British Museum blog

The legacy of a gruesome death

Shakespeare’s Restless World is currently being broadcast on BBC Radio 4. Today’s episode The Theatres of Cruelty considers spectacles of torture both on and off the stage.


Jan Graffius, Curator, Stonyhurst College

Relics like this one would be probably the most moving testament to the bravery of those priests who were working undercover in England. Although the contents are rather gruesome, it would have been a very beloved reminder of their faith and a powerful inspiration to the English Catholics to hold firm because men had given blood for their faith. It might even be an inspiration to young boys to follow in their footsteps and become priest themselves.

Relics served as a reminder of what was in front of you. For many priests, the crown of martyrdom was the ultimate sign of God’s favour. Jesuit priests who served in England and came back to Europe without having been caught often describe themselves as too unworthy to share the crown of martyrdom.

Martyrdom wasn’t something they sought but it was something that was a huge honour if it occurred to them. This small relic is a reminder of the brutality, the courage and also the rightness of the faith because if somebody is willing to lay down their life in the most horrible way, the most dreadful form of execution, they have to be absolutely certain that they are doing it for good, strong and true reasons.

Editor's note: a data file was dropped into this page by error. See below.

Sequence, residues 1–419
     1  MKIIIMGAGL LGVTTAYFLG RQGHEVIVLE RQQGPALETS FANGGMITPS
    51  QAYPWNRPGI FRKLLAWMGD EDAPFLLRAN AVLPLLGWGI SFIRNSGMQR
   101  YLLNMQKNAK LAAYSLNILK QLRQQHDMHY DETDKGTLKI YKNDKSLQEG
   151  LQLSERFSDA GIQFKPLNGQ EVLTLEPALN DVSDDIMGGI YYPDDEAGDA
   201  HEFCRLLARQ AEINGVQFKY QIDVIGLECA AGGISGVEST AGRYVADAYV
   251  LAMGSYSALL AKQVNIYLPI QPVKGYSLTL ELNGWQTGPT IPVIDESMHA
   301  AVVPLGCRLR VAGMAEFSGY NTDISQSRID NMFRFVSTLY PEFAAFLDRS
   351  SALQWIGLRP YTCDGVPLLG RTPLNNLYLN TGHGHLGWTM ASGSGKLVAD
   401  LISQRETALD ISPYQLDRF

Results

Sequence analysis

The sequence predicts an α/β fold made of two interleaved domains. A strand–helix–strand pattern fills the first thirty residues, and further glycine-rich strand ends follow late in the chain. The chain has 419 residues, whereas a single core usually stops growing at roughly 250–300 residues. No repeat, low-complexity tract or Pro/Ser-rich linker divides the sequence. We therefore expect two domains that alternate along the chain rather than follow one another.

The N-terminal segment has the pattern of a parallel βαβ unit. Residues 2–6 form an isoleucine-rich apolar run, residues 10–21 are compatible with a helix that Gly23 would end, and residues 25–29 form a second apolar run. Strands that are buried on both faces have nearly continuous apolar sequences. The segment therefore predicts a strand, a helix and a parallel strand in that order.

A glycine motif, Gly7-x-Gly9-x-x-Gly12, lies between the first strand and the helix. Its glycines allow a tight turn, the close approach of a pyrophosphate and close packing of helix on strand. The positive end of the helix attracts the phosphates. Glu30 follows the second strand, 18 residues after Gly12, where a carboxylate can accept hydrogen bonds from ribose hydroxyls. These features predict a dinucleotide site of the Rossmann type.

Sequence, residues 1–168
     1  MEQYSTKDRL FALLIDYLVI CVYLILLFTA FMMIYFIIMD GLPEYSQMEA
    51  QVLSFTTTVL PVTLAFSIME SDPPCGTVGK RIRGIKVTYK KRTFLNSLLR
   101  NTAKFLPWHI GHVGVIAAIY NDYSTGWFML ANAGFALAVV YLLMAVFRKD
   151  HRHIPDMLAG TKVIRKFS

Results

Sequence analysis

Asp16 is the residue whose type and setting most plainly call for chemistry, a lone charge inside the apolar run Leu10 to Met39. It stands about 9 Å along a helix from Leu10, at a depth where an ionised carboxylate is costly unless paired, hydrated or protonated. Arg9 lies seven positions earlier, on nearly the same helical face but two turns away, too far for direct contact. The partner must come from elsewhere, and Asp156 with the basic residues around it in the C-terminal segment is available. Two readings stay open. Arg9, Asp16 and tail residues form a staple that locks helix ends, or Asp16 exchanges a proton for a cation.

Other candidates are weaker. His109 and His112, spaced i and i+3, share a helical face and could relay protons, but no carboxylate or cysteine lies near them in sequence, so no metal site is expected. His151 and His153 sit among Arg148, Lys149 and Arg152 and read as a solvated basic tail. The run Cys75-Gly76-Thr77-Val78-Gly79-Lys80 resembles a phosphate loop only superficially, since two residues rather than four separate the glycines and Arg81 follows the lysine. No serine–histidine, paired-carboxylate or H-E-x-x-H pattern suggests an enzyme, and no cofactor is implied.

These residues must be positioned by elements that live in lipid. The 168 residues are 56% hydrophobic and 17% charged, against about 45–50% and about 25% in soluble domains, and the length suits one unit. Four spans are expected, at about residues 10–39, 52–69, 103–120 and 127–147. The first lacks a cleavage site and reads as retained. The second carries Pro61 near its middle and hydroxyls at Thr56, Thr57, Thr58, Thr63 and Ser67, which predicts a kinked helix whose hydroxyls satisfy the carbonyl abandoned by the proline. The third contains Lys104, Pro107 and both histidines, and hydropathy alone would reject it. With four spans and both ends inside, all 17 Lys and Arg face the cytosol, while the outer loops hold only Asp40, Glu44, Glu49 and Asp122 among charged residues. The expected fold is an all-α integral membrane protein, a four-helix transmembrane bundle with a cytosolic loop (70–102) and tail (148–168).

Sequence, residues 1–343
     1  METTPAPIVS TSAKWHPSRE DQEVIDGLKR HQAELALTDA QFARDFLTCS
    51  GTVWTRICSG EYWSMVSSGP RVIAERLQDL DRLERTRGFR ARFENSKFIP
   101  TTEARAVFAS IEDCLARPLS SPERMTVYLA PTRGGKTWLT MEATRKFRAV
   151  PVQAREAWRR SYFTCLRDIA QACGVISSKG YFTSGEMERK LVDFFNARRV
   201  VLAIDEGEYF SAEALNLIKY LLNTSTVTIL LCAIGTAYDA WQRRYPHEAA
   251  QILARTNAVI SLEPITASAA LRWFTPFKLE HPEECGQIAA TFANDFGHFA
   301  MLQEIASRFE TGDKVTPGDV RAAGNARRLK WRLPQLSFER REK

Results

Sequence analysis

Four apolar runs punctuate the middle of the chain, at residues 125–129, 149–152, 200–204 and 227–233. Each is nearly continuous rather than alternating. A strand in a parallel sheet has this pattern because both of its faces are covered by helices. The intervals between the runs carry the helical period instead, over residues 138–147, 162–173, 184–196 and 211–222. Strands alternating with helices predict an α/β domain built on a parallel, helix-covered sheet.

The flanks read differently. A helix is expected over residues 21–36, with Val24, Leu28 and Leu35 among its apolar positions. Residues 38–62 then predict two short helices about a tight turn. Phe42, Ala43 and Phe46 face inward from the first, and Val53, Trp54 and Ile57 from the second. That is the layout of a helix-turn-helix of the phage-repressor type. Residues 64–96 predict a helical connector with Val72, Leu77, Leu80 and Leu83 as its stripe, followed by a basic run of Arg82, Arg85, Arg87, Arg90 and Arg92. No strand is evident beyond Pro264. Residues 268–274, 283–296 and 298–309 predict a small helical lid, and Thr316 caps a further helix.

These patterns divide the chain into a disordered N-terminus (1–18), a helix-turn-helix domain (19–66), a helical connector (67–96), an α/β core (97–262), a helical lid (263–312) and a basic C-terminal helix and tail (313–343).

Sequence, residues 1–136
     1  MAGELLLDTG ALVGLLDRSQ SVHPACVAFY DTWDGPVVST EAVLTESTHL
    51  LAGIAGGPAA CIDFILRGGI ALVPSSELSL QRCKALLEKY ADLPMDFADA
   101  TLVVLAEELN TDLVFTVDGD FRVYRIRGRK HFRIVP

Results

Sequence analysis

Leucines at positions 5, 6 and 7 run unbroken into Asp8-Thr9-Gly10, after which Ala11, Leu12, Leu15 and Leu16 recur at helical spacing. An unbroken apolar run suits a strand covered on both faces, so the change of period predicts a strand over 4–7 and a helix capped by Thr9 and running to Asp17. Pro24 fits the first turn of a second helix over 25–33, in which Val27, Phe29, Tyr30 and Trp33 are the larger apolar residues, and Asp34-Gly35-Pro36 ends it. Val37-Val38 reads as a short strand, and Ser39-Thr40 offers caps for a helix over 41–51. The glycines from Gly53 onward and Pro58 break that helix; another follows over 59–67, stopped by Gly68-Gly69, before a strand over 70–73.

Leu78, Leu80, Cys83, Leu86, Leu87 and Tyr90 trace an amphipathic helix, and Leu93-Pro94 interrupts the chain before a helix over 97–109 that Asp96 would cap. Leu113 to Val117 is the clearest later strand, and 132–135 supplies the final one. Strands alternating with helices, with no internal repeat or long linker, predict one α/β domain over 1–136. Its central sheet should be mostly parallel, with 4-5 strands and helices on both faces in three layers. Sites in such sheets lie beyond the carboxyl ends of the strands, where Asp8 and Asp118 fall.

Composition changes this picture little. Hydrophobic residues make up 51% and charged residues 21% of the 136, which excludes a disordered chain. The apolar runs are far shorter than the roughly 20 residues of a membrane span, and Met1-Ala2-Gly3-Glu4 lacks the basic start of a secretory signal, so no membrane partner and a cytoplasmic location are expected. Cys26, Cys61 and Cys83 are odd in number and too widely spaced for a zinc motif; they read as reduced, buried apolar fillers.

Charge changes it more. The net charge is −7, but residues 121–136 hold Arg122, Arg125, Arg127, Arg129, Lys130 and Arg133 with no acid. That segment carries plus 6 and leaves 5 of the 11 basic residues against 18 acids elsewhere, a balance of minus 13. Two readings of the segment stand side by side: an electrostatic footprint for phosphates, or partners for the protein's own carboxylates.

Shakespeare’s Restless World is on BBC Radio 4
from 16 April to 11 May, at 13.45 and 19.45 weekdays.

Listen to today’s programme The Theatres of Cruelty

Find out more:

Stonyhurst College

Filed under: Shakespeare's Restless World, What's on

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This is the next space in our #MuseumOfTheFuture series looking at all the galleries in the Museum. Rooms 92–94 are the Mitsubishi Corporation Japanese Galleries. Continuity and change have shaped Japanese material culture since ancient times. Through extensive cultural exchange, Japan has become a thriving modern, high-technology society while continuing to celebrate many elements of its traditional culture.
You can explore the art, religion, entertainment and everyday life of emperors, courtiers and townspeople in Rooms 92–94 through objects dating from ancient Japan to the modern period.
Artefacts range from porcelain and Samurai warrior swords, to woodblock prints and 20th-century manga comic books.
Historic tea ceremony wares can also be seen, alongside a reconstruction of a traditional tea house. Today’s #BMAdventCalendar – this struck bronze medal shows a nativity scene Four boys make a snowball in this Japanese woodblock print from today’s #BMAdventCalendar Night at the Museum: Secret of the Tomb, set and filmed here, is now in cinemas across the UK! #NightAtTheMuseum This is Room 91, the next gallery in our #MuseumOfTheFuture series. It's used for temporary exhibitions, usually from the Department of Asia. At the moment you can see the exhibition Pilgrims, healers and wizards: Buddhism and religious practices in Burma and Thailand (until 11 January 2015). Here’s some #mistletoe from today's #BMAdventCalendar – fancy a kiss?
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